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    • Day 4

      Jigokudani Monkey Park

      February 20, 2017 in Japan ⋅ ☀️ -1 °C

      Despite the early snow, the temperature rose above zero and with that, the snow turned into rain which would continue pretty much non stop all day (the overtrails and rain jacket kept us both very dry, thanks Glen & Jenny).

      Not to be deterred by the poor weather, we made our way to the Jigokudani Monkey Park by bus (caught from the eastern exit of Nagano Station) to see the Japanese Snow Monkey, or Macaque. The bus trip took about 40 minutes and took us through the outskirts of Nagano and along an expressway towards Shigakogen. We also past the 'M-Wave', a building which hosted the speed skating in the 1998 Winter Olympics held in Nagano.

      The park itself is located within the valley of the Yokoyu River and is approximately a 2km walk from the bus stop. It must be said that I found the walk itself to be almost as enjoyable as seeing the monkeys. Steep cliffs, lots of snow, tall pine trees and a fast running creek at the base of the valley made for enjoyable scenery.

      The name Jigokudani stems from ancient times and is a reference to the harsh environment which is exacerbated by steep cliffs and the steam produced from the hot springs running through the valley. Thus the translation to 'Hell Valley'. I certainly didn't feel as though we were walking into hell. There was a thick scent of sulfur in the air from the hot springs and I wouldn't want to lose my footing off the side of the track.

      The Japanese Macaque (there are 23 species of Macaque's spread across the world) is native to Japan and they reside naturally within the valley, though they are not endemic to the valley itself rather they are found throughout large parts of Japan (found on 3 of the 4 main islands (not found in Hokkaido)).

      It was interesting to learn that the female monkeys will remain with their 'packs' their whole life and form a very close bond with their offspring. The male monkeys will however rotate through many 'packs' throughout their lifetime. The monkeys do not have a permanent resting place, instead they will sleep in different locations each night for safety. Also, you will notice the monkeys do not have long tails or ears, this is due to the cold weather (makes sense when you think about it).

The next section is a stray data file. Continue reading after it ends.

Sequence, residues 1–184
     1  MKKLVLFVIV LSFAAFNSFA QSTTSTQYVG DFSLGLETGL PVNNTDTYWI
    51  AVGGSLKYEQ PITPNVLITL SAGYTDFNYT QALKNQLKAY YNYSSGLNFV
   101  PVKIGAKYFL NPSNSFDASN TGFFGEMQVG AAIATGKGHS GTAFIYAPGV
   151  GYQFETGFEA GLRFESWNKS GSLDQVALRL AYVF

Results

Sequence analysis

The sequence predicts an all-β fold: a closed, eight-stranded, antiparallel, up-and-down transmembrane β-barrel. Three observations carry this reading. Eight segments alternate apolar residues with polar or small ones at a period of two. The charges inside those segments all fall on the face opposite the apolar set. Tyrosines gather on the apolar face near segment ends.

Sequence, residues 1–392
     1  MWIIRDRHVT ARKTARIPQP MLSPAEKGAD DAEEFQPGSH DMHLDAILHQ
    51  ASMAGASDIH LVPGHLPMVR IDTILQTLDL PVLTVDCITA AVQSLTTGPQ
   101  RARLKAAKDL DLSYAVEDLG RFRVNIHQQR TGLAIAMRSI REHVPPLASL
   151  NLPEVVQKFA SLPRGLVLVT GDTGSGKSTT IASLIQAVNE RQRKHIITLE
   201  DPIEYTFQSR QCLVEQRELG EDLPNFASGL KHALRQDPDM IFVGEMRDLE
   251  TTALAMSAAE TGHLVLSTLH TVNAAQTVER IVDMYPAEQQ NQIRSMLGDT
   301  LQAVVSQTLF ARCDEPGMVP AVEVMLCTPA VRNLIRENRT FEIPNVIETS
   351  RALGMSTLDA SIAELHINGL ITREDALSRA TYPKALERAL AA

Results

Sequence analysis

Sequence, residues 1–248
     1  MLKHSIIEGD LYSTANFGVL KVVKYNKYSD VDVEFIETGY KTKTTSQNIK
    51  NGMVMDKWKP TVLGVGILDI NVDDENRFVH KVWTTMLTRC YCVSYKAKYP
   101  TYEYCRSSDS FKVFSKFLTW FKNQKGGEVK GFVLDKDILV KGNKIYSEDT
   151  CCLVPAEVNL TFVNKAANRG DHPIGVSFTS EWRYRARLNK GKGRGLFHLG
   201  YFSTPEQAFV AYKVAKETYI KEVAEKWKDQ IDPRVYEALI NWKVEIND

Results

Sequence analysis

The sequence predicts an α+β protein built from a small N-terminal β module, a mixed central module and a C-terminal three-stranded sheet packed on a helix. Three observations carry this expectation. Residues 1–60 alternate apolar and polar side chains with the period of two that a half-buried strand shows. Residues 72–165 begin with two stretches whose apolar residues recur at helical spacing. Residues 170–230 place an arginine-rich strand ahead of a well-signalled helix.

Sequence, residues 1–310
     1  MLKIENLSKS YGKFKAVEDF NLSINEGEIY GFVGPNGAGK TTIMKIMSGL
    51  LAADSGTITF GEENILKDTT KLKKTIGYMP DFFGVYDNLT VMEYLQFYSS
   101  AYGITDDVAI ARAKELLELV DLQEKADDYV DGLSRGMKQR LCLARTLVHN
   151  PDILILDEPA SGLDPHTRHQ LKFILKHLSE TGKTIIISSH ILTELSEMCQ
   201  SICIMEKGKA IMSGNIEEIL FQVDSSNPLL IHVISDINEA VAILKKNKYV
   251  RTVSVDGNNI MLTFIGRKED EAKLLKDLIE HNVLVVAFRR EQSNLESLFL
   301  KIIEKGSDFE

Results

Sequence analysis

Once we reached the park we found 100's of monkeys. They are obviously well accustomed to human interaction as they would often walk straight past you without you even noticing. Many came within touching distance and one even tried to snatch someone's food.

      The monkeys come down and bathe in what is a man made hot spring. It was fascinating watching them go about their daily business. While it may appear that the man made hot spring was constructed to create a tourist attraction, the park has been used for a great deal of research into the monkeys which makes you feel somewhat better about paying a 600 yen entrance fee and being part of a large crowd of people gawking over them.

      Overall the Snow Monkey Park was a great experience. The monkeys are adorably cute and the walk is beautiful. I would definitely come back next time. Maybe spend a bit more time on a slightly better day to take some more photos.
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    • Day 34

      Jigokudani snow monkey park

      October 2, 2014 in Japan ⋅ ☀️ 23 °C

      These snow monkeys have good lives here with hot springs! They are not scared of humans at all. Also stopped by the streets where the movie "spirited away" used as the movie back drop.

    You might also know this place by the following names:

    Hirao, 平穏

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